At the recently hosted EY GCC Leadership Forum, a virtual discussion with leaders from Global Capability Centers (GCCs) across sectors and functions, the focus was on a hybrid working model in the future. In the post pandemic world, one cannot ignore the importance of a hybrid model and the need for flexibility, for both employees and employers. Flexible working has become the new currency for attracting, retaining, and motivating top talent. This emerging phenomenon also clearly comes out as part of EY’s Work Reimagined Employee Survey 2021. The survey which covered more than 16,000 employees across 16 countries including multiple industries and job roles, states that given the choice, more than half of the employee respondents (54%) would choose flexibility in ‘when’ they work. By comparison, 40% want flexibility in ‘where’ they work. On an average, employees would want to work between two and three days remotely post the pandemic.
Flexibility is the master key in the return-to-work strategy
One aspect that clearly stands out is that the hybrid working model is here to stay, and that the future of work will be directionally more flexible, subject to regulatory considerations. Employee expectations are towards greater flexibility and they want a mix of work from home and office during the week.
The EY Work Reimagined Survey corroborates this point, stating that in India, 85% employee respondents believed, that their productivity can be accurately measured irrespective of location. However, we realize that GCCs in India are at different stages of evolution and have varying views about return to work strategies depending on the evolution stage, which ranges from early starter to mature center. Flexibility will still be a key lever, which can be used by organizations, to create a niche for themselves, in talent attraction and retention.
Another aspect which came out during the EY GCC Leadership Forum, is that not all employees are positively inclined towards a full return to the workplace at this moment, especially those who stay far from the office. Hence, organizations have a key role to play in communicating the future working model to their employees while keeping them at the centre of decision making. On the other hand, as Return-To-Office commences, some of the GCCs leaders have experienced, that with the workforce back in office, it has led to increased collaboration and alignment with the organizational culture, and positive employee feedback in terms of networking opportunities.
Enhancing organizational resilience keeping ‘people at the center’
GCCs have come out stronger on their business continuity planning post the pandemic and they now have a much better understanding of their organizational resilience. Some of the GCCs highlighted the importance of purpose to building organizational resilience, both at an organizational and at an employee level. GCCs should also help their employees define their purpose, especially as the workforce demographics change, which will in turn strengthen the organization. Leaders will need to walk the talk by emphasizing on the purpose of the organization to its workforce.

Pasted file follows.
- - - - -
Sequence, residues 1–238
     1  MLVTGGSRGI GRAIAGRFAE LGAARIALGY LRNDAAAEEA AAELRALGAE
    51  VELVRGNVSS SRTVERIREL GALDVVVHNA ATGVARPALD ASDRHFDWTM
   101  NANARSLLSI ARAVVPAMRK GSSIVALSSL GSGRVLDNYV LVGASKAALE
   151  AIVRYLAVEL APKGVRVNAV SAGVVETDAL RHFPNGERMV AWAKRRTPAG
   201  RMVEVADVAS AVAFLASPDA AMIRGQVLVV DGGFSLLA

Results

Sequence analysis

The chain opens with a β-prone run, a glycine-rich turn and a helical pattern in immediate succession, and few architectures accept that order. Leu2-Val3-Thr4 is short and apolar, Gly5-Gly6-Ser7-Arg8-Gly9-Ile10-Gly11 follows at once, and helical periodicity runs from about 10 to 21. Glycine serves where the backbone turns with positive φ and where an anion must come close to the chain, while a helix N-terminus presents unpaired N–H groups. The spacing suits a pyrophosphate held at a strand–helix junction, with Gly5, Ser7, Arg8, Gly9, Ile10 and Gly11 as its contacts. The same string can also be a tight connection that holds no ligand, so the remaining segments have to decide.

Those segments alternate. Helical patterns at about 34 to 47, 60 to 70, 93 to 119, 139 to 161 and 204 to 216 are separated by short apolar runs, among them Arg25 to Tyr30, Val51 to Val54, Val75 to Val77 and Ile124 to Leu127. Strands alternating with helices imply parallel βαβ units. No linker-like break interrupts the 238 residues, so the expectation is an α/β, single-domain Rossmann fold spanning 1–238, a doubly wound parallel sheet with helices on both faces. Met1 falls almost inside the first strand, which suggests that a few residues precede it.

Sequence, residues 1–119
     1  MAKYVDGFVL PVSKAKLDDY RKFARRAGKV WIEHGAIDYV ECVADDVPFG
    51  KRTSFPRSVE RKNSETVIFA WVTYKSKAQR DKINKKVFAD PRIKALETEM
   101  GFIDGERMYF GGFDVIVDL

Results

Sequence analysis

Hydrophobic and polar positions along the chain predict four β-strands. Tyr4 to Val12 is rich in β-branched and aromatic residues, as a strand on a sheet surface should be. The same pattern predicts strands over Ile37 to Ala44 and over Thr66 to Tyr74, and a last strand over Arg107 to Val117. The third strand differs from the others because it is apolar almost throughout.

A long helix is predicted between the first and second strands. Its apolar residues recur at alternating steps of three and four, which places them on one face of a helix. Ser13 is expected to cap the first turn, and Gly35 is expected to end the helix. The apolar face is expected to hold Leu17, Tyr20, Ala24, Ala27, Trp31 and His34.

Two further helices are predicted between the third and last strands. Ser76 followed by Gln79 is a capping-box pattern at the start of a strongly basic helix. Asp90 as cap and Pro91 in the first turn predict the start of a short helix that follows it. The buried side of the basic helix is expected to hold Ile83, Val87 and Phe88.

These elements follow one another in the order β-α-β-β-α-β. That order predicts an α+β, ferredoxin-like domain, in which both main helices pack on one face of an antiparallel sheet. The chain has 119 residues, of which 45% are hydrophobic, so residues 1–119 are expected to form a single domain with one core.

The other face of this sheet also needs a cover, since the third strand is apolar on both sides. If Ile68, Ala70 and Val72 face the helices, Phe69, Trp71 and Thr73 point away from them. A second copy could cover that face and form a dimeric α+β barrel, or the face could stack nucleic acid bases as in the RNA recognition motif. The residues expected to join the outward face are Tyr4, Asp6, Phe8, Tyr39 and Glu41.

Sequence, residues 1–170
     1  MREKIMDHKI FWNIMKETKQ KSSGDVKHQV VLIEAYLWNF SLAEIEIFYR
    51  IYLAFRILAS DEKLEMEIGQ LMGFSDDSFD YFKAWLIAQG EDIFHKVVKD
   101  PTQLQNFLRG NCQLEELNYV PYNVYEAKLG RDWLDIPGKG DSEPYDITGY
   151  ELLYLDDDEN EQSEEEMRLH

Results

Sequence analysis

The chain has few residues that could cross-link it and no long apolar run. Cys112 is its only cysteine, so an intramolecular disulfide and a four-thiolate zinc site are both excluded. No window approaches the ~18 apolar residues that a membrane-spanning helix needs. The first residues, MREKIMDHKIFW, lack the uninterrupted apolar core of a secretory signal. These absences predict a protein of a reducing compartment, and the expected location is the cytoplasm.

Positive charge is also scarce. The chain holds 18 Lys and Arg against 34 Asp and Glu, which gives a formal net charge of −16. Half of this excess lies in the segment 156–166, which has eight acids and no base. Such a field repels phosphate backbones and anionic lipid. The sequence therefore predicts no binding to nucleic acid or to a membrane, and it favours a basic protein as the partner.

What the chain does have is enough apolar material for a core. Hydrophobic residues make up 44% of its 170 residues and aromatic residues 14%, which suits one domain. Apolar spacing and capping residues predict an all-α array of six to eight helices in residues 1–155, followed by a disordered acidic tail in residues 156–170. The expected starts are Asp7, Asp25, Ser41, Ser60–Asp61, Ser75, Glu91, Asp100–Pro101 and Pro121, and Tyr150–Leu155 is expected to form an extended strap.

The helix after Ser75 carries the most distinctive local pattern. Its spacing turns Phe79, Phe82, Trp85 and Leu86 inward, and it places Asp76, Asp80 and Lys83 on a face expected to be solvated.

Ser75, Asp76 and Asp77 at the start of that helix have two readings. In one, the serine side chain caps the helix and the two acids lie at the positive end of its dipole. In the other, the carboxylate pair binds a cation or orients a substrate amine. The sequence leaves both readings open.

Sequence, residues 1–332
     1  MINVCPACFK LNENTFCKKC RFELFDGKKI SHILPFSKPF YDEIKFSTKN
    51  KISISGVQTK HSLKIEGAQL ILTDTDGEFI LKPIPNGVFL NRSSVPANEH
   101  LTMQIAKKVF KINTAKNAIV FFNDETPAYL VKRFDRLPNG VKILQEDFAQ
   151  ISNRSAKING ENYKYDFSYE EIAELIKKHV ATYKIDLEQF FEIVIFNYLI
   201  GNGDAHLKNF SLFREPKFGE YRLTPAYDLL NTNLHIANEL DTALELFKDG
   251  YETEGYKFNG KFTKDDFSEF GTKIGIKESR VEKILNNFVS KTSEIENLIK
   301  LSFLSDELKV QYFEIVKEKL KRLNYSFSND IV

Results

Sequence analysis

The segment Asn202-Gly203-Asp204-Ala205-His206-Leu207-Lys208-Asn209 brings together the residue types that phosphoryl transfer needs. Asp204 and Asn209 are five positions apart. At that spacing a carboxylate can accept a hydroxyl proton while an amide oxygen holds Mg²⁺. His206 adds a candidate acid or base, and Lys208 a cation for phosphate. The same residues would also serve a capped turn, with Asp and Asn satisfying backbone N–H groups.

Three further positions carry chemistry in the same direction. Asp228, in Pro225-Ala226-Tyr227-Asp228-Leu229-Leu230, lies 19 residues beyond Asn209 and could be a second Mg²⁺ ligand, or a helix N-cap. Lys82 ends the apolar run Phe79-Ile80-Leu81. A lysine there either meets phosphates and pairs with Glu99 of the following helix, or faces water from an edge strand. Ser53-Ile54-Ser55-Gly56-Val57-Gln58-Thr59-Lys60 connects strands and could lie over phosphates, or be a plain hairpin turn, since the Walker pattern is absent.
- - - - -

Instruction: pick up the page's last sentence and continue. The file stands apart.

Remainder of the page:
During the pandemic GCCs tackled numerous risks – technology risk, compliance risk, financial risk, operational risk – but the one that concerns the most and continues to aggravate is cyber security risk. GCC leaders acknowledged that cyber security threats/ attacks have increased manifold since the pandemic. GCCs have taken numerous mitigation initiatives, including building up their cyber security teams, mandatory quarterly certification programs for employees around cyber threats to raise awareness, running attack/ phishing simulations, amongst others.
Upskilling and reskilling employees with niche and next-gen technology skills remains the need of the hour to augment the talent pipeline. In the medium to long term, collaboration with educational institutions will also play a key role towards building a business-deployable pool of resources. These steps will help Global capability centers in the next normal to continue acting as an innovation engines and drive new ideas across their wider organization. Further, Global capability centers in the next normal will be better positioned to attract the best talent while competing with the wider cross-industry ecosystem, including both long-established organizations as well as start-ups.
The key long-term workforce considerations for GCCs are:
- Bring flexibility and workforce experiences to life across all employee roles
- Drive a vision of shared purpose to enhance service experiences, value, and drive innovation
- Incorporate agile and digital talent, upskilling and reskilling, into the learning strategy to upgrade capabilities and enhance resilience
The article is authored by Kunal Ghatak and Manoj Marwah, Business Consulting Partners at EY India.
(Sayan Banerjee and Tarush Baldhi, Senior Managers at EY also contributed to this article)
Note: The article was first published on ey.com